“More things are wrought by prayer than this world dreams of” said Alfred Lord Tennyson.
Americans are a praying people. Polls show that a higher percentage of American’s say they pray than that of any other country. But if we measured it by people-type rather than by nationality, we think we would find that parents are the highest percentage prayers of all!
A lot of us parents would explain it with words not unlike those of Lincoln, “Sometimes I am driven to my knees by the overwhelming conviction that I have nowhere else to go!”
Prayer happens on so many levels and for so many reasons, but if we viewed it as a spectrum, with the least appropriate, least-chance-of-being-answered prayers on one end and the most appropriate, sure to be answered prayers on the other end, a parent’s prayer about a child (a prayer for insight, for help, for a child’s need) would be on the extreme “most-answered” end of the spectrum.
Recently, we were talking to a mom who told us of a very difficult problem she was having with her daughter. Knowing she was a believer, we asked her if she had prayed about the problem.
“Not yet,” she said, “I feel I have to do all I can about it myself before I burden God with it.”
An interesting response. On the one hand we admired her for her initiative and for wanting to be proactive about it. On the other hand, this was a very difficult problem, and she clearly needed divine help.
Do we sometimes get too caught up with admonitions like “First work as though everything depended on you and then pray as though everything depended God”, or with scriptures like “first study it out in your mind” or in her case, a reluctance to “burden” the Lord?
Of course we should not pray frivolously, and of course our own thought and effort can help, and will likely make our prayer more specific and more earnest. But God asks us to cast our burdens on Him, and He wants to help and lead us and even to intervene when the worry is beyond our ability to solve or resolve.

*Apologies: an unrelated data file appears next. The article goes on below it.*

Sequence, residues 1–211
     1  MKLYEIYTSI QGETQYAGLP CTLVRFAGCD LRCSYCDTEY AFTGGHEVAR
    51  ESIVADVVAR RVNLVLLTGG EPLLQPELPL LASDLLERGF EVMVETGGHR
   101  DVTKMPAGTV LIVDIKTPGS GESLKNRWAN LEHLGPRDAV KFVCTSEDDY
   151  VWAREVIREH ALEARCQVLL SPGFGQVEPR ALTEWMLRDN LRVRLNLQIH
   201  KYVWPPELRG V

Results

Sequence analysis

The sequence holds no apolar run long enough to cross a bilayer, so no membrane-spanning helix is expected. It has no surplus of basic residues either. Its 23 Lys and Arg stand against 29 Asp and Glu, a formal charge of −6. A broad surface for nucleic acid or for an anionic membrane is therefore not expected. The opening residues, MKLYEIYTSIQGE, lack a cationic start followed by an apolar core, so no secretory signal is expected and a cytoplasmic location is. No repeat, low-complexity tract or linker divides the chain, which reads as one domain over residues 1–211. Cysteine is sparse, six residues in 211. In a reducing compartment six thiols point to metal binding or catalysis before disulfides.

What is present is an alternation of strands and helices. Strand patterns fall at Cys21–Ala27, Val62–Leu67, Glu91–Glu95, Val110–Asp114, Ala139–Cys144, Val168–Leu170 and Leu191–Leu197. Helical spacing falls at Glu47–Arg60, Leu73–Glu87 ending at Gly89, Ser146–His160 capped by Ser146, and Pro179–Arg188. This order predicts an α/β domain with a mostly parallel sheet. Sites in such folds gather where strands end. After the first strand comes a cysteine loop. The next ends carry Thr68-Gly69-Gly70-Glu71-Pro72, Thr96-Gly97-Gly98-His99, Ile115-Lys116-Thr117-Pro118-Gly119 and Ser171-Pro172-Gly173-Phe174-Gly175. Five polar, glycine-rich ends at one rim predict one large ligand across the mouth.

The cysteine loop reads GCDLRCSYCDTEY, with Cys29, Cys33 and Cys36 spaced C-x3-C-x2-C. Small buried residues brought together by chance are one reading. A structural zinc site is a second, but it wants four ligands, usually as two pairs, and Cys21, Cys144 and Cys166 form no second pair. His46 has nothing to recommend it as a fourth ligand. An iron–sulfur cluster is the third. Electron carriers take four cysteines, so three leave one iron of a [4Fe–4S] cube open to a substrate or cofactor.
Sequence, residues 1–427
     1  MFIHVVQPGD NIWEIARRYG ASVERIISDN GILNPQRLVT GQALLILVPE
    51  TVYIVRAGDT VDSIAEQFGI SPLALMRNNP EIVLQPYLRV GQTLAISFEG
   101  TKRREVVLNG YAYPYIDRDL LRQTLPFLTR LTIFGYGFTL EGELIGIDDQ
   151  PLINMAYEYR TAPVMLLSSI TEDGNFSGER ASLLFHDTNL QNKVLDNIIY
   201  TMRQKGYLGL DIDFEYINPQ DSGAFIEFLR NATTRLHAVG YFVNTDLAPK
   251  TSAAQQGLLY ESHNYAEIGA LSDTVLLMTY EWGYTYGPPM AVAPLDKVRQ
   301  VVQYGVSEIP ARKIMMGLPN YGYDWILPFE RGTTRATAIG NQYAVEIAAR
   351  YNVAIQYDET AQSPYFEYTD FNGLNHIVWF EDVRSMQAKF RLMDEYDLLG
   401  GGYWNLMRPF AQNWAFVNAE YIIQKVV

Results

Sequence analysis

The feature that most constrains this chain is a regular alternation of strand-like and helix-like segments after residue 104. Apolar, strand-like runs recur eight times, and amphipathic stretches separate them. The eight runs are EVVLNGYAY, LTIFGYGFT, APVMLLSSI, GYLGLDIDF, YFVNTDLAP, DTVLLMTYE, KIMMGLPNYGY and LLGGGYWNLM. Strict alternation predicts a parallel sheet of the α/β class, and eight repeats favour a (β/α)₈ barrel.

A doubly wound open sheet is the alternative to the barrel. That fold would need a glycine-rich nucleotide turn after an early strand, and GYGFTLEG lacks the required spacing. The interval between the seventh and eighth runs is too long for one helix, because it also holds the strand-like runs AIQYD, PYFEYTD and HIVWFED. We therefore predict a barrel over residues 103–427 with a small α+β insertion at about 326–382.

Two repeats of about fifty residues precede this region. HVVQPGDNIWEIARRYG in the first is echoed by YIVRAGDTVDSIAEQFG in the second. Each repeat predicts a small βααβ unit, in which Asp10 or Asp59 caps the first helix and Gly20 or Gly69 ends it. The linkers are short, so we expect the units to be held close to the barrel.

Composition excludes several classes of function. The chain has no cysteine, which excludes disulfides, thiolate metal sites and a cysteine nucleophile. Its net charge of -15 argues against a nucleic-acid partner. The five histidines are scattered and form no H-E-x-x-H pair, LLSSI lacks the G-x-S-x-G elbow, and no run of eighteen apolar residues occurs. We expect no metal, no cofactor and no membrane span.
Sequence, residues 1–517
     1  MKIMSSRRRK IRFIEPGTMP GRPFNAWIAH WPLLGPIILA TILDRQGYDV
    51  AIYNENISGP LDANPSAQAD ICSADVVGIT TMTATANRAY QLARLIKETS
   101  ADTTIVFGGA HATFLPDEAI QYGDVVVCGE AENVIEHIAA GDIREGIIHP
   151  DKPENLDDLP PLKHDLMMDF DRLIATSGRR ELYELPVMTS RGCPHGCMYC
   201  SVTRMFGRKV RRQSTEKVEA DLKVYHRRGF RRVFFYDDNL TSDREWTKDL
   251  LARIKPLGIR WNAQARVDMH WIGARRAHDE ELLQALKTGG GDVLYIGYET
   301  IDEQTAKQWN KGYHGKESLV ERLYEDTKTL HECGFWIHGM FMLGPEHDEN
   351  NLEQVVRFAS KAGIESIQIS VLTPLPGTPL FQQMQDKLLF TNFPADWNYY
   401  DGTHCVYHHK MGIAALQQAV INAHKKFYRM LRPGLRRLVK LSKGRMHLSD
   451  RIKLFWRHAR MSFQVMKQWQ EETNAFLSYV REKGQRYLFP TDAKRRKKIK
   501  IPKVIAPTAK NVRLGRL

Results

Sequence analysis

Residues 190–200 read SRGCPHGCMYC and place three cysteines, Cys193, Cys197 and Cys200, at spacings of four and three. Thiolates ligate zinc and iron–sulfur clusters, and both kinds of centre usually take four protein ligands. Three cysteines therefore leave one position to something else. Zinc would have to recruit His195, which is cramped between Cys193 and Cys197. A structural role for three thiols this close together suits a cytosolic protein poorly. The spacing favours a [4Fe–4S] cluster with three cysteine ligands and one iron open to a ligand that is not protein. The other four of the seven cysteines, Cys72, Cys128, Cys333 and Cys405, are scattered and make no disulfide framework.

The wonderful thing about prayer, and it seems particularly true with the prayer of a parent for a child, is that it is “self-correcting.” As we pray, we sometimes are given to know more about what it is we are praying for and to better understand what our prayers should be asking for.
One mother was praying about her son’s poor grades in school and as she listened for answers felt impressed to have his hearing checked. She soon discovered that his difficulty had everything to do with his ears and nothing to do with his brain.
A dad was praying that his son would do better on his little league team and, during the prayer began to realize that the boy wanted to do art after school rather than baseball.
A mom praying for her teenager’s testimony felt inspired that his faith was fine and that it was a new friend that was the problem.
Perhaps God is essentially saying to parents, “Come to me in prayer (particularly for your children) and I will teach you for what ye shall ask.”
For parents, it is never “too soon to pray.” If we are asking for the wrong thing or if there is preparation or action we should take along with our prayer, we will feel and learn of those things even as we pray.
Better to be too early to pray than too late!
Richard and Linda are New York Times #1 bestselling authors who lecture throughout the world on family related topics. Visit the Eyres anytime at www.TheEyres.com or www.joyschools.com. Several of their books are now available for free on www.EyresFreeBooks.com.